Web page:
# Description of problem

Hi everyone,

I’ve been trying to simulate the time evolution of a neuron model while adding at each time step an arbitrary external input. This input represents the average external stimulation that my neuron population receives, therefore I decided to handle it as follows: at every time step, the value of this input represents the mean of a normal distribution, from which N values are drawn. Each neuron receives one of this values as an additive contribution to its defining differential equation, named drive.

The problem I face is that the simulation is mostly composed of nans and raises the following message:

WARNING neurongroup’s variable ‘phi’ has NaN, very large values, or encountered an error in numerical integration. This is usually a sign that an unstable or invalid integration method was chosen. [brian2.groups.group.invalid_values]

I would appreciate suggestions either on how to perform correctly the integration or on how to implement my input differently.

# Minimal code to reproduce problem

```
# configure
dtime = 100
T = 1000
N = 5000
J = 1*br.Hz
br.start_scope()
br.defaultclock.dt = dtime*br.ms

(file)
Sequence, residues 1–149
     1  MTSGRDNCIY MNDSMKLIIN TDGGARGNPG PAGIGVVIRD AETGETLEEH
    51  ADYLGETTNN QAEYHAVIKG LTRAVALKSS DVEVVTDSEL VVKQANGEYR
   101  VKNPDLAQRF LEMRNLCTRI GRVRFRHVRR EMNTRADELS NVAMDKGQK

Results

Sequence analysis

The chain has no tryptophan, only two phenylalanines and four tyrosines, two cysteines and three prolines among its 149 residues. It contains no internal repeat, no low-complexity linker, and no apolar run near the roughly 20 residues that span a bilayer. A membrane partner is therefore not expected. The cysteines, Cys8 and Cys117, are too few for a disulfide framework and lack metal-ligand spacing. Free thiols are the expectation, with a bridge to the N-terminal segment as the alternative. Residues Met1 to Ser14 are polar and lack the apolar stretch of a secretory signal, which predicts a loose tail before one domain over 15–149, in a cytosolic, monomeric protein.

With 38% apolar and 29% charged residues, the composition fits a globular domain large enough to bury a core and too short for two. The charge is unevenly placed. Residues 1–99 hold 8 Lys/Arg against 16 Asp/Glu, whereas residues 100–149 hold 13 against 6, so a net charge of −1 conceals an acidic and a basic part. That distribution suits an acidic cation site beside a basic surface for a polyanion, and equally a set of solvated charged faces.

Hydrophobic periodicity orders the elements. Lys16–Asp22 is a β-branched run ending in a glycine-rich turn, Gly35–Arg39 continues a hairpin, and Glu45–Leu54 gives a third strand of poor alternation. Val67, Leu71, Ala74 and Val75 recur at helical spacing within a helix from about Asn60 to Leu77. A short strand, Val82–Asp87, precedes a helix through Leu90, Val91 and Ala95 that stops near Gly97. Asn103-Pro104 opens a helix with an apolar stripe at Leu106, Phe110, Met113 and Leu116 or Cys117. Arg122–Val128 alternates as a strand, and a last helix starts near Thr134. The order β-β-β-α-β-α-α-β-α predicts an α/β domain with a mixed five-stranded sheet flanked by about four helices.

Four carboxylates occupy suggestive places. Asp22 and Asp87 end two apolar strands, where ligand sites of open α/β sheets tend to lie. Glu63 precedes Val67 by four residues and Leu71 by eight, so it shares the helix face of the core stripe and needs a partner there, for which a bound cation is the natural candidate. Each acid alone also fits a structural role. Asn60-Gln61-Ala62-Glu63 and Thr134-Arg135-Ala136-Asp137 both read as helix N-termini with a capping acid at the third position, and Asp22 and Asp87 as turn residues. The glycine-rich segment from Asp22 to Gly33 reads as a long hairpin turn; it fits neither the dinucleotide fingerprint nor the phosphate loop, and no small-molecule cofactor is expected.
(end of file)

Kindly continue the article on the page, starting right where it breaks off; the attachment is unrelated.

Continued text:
# define external drive
drive_avg = np.zeros((int(T/dt),2)) # all-zero mean to try
drive = br.TimedArray(br.stack([br.numpy.random.normal(loc=drive_avg[i,0],scale=dtime**0.5,size=N).T
for i in range(drive_avg.shape[0])],axis=1),dt=dtime*br.ms)
# define equations
eqs = '''
dphi/dt = omega_int + a_int*sin(phi) + coupl + drive(t,i)*Hz + sigma_int*xi : 1
coupl : hertz
omega_int : hertz
a_int : hertz
sigma_int : hertz**0.5
'''
# define population
neurons = br.NeuronGroup(N,eqs,threshold='sin(phi)>0.6',reset='',method='heun')
neurons.phi = 2*math.pi * br.np.random.uniform(size=N)
neurons.omega_int = 1*br.Hz
neurons.a_int = 1*br.Hz
neurons.sigma_int = 1*br.Hz**0.5
conn = br.Synapses(neurons,neurons,'coupl_post = J/N_pre*sin(phi_pre-phi_post) : hertz (summed)')
conn.connect(p=1)
activity = br.StateMonitor(neurons,'phi',record=True)
br.run(T*br.ms)
```

# What you have aready tried

I tried reducing the variance of the normal distribution as I thought the integration error might stem from too big values.